Skateboard Safety

Skateboarding has become an increasingly popular sport that many youth enjoy. With any sport there are serious injury risks that could happen. The No.1 rule of skateboarding is always wear your protective gear. A helmet, elbow and knee pads, wrist guards, and sturdy shoes help reduce injuries. Helmets especially help prevent concussions and damage to the face and head. Athletic gloves are also recommended to keep hands safe, if your child falls.

According to the American Academy of Pediatrics children under age 5 years old should never ride a skateboard. Children aged 6 to 10 years old need close supervision from an adult or trustworthy adolescent whenever they ride a skateboard. Parents should supervise their children at skate parks and choose parks that are away from busy streets and highways.

Helmet safety    

A properly fitted helmet should meet the standards of the U.S Consumer Product Safety Commission (CPSC) or Snell Memorial Foundation. Properly fitted helmets should:

  • Be worn flat on your head with the bottom edge parallel to the ground
  • Sit low on your forehead
  • Have side straps that form a “V” shape around each ear
  • Have a buckle that fastens tightly (there should be room to put only two fingers between the strap and your chin)
  • Have pads inside that you install or remove so the helmet fits snuggly
  • Not move in any direction when you shake your head
  • Not interfere with your movement, vision or hearing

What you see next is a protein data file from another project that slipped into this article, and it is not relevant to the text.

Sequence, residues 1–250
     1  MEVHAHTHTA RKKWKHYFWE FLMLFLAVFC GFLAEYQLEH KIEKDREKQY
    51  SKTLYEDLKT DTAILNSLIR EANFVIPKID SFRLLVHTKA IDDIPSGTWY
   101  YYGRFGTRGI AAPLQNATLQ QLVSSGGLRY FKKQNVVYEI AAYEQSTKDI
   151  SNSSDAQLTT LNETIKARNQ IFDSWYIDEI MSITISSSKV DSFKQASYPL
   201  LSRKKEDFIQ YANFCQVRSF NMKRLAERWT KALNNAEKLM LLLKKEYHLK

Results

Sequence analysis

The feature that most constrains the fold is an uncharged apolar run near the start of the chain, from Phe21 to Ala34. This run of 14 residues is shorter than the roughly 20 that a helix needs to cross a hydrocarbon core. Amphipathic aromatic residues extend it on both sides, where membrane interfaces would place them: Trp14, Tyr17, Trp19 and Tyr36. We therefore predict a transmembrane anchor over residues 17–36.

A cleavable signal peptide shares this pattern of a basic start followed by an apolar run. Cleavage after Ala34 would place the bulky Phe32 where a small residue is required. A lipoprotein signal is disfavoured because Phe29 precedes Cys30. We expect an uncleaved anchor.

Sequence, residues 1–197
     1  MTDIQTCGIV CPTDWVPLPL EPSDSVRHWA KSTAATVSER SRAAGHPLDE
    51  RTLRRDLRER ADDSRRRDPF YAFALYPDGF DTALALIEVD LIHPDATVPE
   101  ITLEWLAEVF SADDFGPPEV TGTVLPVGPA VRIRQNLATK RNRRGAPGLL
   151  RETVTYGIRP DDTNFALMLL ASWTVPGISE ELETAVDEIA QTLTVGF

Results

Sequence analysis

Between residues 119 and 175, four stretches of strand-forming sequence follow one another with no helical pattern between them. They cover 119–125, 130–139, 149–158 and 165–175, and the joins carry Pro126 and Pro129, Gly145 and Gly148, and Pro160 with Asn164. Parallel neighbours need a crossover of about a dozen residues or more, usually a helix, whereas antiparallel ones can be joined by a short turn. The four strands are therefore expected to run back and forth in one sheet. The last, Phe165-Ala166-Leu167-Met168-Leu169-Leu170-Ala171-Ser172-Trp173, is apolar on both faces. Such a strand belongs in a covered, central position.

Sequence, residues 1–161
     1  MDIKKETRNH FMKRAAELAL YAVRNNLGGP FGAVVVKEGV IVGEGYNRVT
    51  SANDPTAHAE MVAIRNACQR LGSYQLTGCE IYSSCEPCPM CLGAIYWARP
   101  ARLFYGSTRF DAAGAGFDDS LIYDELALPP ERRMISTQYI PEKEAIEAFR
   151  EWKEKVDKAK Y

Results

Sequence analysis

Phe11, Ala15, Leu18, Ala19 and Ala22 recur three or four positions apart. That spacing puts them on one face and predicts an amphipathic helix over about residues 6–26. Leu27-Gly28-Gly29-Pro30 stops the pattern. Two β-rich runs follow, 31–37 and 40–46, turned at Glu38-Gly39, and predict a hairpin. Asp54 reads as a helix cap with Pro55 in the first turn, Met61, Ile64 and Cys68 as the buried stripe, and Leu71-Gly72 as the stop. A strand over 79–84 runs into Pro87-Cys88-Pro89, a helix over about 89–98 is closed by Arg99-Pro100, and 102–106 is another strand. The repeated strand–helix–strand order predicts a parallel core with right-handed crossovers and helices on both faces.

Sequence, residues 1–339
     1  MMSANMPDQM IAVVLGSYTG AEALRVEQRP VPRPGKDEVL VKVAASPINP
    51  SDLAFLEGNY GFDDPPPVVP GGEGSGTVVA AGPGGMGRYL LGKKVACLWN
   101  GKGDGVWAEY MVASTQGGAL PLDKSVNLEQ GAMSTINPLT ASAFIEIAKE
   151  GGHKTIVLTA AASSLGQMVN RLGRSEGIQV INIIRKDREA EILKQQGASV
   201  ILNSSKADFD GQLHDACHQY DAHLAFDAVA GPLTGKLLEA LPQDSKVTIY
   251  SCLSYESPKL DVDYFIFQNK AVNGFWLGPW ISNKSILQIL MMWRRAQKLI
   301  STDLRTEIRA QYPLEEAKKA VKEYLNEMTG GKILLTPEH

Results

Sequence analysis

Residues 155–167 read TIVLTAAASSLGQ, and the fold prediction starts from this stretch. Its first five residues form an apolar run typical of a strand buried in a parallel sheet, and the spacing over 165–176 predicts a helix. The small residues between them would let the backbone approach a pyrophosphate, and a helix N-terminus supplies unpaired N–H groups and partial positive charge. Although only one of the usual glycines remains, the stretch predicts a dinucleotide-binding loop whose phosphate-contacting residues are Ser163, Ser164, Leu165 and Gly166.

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Helping Your Child With School Problems

School is almost in full swing and some problems may be beginning to emerge regarding your child’s school performance. Most parents realize how important it is to address this subject but have few ideas how to.

It is important to provide children with all the support they need to succeed in school. All too often we see kids give up and label themselves as “stupid” when they are not successful. This experience can have long-term mental health and career implications.

Children’s brains all process, learn, and retain information in slightly different ways.  Everyone has their own strengths and weaknesses. As adults, our society benefits from all these different ways of thinking and learning because we need mechanics, doctors, artists, and many other types of people.

However, children are expected to learn in similar ways in school, which cannot accommodate every unique learning style. Differences in learning can sometimes be associated with school problems and should be attended to and addressed to prevent problems.

What are some signs your child might need help?

  • Consistently poor grades or grades below what might be expected
  • A change in performance (this often occurs in years when school expectations increase, like in 3rdgrade, 7th grade, and 9th grade)
  • Complaints from your child that school is hard